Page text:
Express versus Implied Contracts. Suppose that a local businessperson, McDougal, is a good friend of Krunch, the owner of a local candy store. Every day on his lunch hour McDougal goes into Krunche’s candy store and spends about five minutes looking at the candy. After examining Krunch’s candy and talking with krunch, McDougal usually buys one or two candy bars. One afternoon, Krunch, McDougal goes into Krunch’s candy shop, looks at the candy, and picks up a $1 candy bar. Seeing that Krunch is very busy, he catches Krunch’s eye, waves the candy bar at Krunch without saying a word, and walks out. Is there a Contract?

Running Head: UNIT 4 CASE STUDY                                                                                 1

 

 

 

 

 

 

Unit 4 Case Study

Geraldine Spinner

Business Law 1

LS311

November 14, 2011

 

 

 

 

 

UNIT 4 CASE STUDY                                                                                                           2

Express versus Implied Contracts. Suppose that a local businessperson, McDougal, is a good friend of Krunch, the owner of a local candy store. Every day on his lunch hour McDougal goes into Krunche’s candy store and spends about five minutes looking at the candy. After examining Krunch’s candy and talking with krunch, McDougal usually buys one or two candy bars. One afternoon, Krunch, McDougal goes into Krunch’s candy shop, looks at the candy, and picks up a $1 candy bar. Seeing that Krunch is very busy, he catches Krunch’s eye, waves the candy bar at Krunch without saying a word, and walks out. Is there a Contract?

Yes, there is a contract. The manner of conduct of the parties over time, the fact that Krunch sells candy and that McDougal has always followed a pattern where he speaks to Krunch and then buys candy indicates that they have an implied in fact contract. Just as a person who goes into a restaurant and order food from the menu, eat it, and then pay for his meal knowing that he is expected to pay once he has eaten. McDougal has indicated that he knows he is expected to pay for any candy that he picks up at the store and eats or walk out with because before he leaves the store, Krunch was busy with another customer so McDougal waves the candy bar so Krunch could see it. The action of the parties, the fact that Krunchs’ shop is a retail store where people pick up and then purchase are implied due to the situation leading to the creation of an implied in fact contract by McDougal when he picks up the candy and walks out with it.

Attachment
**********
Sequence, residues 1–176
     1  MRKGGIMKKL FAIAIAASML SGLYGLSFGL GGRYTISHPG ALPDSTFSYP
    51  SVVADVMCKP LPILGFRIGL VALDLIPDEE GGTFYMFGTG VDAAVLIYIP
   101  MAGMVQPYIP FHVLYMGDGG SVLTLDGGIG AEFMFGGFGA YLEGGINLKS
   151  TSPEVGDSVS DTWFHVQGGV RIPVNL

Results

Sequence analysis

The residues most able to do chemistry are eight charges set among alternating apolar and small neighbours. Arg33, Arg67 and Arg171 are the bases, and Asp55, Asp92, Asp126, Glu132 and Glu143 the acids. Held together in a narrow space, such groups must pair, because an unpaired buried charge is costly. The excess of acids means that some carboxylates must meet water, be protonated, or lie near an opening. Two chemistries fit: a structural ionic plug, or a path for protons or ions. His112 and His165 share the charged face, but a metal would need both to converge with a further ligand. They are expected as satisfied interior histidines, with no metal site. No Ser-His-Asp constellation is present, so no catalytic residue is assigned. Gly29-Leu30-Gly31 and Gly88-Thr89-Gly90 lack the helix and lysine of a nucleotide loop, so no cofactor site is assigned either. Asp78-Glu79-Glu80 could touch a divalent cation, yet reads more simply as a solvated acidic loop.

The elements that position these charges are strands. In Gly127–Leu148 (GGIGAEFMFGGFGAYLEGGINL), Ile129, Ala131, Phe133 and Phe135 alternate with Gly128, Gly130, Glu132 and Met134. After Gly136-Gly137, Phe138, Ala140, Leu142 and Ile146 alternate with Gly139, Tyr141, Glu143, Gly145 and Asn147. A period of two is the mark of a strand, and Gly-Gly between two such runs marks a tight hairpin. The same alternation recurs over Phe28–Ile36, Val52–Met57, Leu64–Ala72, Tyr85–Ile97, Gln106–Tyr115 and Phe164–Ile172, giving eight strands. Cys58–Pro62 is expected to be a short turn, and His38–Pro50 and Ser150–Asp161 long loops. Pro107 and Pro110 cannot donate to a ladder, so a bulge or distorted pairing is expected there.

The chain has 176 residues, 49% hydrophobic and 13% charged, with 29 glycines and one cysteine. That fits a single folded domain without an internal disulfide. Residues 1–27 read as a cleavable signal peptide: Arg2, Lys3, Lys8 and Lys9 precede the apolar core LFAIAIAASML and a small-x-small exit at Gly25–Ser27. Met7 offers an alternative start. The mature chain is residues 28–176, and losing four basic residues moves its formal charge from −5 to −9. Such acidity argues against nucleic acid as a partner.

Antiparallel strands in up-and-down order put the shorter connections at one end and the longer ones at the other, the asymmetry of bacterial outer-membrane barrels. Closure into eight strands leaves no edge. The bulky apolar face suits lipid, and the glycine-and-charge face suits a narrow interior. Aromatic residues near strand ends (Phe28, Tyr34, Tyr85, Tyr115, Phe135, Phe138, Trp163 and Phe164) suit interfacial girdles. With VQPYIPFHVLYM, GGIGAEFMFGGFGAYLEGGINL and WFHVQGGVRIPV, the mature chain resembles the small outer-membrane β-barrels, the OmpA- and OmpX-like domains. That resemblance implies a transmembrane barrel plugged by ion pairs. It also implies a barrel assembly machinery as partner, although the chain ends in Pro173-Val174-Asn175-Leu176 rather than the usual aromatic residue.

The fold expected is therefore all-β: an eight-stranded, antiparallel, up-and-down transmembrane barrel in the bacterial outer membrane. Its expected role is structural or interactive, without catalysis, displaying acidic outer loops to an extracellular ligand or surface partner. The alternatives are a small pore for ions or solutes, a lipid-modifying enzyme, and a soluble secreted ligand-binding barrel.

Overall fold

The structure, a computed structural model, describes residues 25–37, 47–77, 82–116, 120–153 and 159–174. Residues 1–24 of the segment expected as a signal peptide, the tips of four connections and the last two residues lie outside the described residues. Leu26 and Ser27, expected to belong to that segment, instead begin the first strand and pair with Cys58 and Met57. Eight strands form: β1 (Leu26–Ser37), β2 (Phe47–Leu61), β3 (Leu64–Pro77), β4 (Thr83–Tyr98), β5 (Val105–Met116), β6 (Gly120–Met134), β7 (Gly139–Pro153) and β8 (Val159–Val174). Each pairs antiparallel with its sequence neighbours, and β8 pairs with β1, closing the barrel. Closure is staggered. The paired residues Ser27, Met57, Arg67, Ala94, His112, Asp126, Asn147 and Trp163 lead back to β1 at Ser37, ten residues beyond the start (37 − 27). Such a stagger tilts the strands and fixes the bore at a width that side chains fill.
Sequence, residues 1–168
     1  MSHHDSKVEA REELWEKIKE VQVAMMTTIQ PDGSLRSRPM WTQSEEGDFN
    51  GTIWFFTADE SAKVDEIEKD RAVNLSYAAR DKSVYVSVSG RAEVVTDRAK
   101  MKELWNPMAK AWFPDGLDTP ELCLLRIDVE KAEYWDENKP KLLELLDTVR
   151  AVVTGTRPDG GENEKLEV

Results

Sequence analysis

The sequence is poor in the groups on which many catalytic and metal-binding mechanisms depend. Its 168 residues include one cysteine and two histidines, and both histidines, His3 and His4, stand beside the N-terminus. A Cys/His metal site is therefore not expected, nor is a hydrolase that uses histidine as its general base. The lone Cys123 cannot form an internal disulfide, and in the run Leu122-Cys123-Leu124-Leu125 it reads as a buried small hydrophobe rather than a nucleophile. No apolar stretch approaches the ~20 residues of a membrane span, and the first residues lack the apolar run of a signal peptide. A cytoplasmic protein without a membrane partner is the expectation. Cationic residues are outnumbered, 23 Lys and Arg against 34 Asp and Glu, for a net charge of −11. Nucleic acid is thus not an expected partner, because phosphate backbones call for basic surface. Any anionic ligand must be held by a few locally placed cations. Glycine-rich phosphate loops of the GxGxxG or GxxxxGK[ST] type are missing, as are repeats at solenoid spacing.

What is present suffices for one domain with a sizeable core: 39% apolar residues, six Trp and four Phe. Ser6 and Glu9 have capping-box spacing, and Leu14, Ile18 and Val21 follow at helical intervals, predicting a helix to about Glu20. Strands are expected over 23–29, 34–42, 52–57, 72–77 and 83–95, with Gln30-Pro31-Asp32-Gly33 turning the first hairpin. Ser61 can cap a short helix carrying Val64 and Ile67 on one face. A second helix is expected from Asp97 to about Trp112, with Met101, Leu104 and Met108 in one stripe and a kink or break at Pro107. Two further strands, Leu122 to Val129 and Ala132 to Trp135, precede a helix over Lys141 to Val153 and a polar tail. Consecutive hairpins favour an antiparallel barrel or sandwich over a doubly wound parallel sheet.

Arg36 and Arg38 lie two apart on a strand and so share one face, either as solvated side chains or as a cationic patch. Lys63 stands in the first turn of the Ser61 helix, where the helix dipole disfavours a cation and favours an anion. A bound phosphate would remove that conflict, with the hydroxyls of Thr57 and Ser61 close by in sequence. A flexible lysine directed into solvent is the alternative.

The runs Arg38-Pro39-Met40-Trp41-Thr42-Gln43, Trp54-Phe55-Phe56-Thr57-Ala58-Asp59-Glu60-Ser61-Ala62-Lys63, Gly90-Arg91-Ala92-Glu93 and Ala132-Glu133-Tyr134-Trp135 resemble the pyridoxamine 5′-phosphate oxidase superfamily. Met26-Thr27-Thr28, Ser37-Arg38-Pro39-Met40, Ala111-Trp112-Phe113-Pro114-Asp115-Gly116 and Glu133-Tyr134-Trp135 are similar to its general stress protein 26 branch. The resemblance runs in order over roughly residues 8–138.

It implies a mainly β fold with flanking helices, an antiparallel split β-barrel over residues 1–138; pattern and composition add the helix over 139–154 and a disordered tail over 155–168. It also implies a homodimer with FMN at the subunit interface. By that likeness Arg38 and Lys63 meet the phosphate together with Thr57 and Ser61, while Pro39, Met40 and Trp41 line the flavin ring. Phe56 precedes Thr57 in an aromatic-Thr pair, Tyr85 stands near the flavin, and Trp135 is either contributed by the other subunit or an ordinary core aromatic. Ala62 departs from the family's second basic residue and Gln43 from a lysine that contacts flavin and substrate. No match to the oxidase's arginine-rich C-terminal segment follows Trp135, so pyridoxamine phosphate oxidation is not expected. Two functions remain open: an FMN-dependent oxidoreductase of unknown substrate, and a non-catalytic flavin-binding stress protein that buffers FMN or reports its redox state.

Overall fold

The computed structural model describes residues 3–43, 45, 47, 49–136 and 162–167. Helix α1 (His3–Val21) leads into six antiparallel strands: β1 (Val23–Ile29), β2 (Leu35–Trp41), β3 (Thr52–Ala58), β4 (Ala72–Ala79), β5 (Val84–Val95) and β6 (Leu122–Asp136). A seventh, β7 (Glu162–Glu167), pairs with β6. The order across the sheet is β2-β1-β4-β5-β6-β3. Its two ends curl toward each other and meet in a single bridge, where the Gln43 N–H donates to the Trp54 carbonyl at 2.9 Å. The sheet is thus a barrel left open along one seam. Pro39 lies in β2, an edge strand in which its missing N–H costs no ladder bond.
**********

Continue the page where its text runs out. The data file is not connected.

When it comes to an implied contract, it is implied from the conduct of the parties which happened in this case. For an implied in fact contract to arise, certain requirements must be met. Those requirements are as followed:

UNIT 4 CASE STUDY                                                                                                        3

1) The plaintiff furnished some service or property. 2) The plaintiff expected to be paid for that service or property, and the defendant knew or should have known that payment was expected. 3) The defendant had a chance to reject the services or property and did not.

Here we have silence as acceptance, ordinarily, “silence cannot constitute acceptance, even if the offeror states, “By your silence and inaction, you will deemed to have accepted this offer”. This general rule applies because an offeree should not put under a burden of liability to act affirmatively in order to reject an offer. Silence can also operate as an acceptance when the offeree has had prior dealings with the offeror. For example: if a merchant routinely receives shipments from a supplier and in the past has always notified the supplier when defective goods are rejected, then silence constitutes acceptance. Also if a buyer solicits an offer specifying that certain terms and conditions are acceptable, and the seller makes the offer in response to the solicitation, the buyer has a duty to reject- that is, a duty to tell the seller that the offer is not acceptable. Failure to reject (silence) will operate as an acceptance” (Miller & Jentz 2008). In the case above it is identified as silence as acceptance.

 

 

 

 

 

 

UNIT 4 CASE STUDY                                                                                                             4

Reference

Miller, R., & Jentz, G., (2008). Fundamentals of business Law part 1. Boston, MA: Cengage.

 

 

 

 

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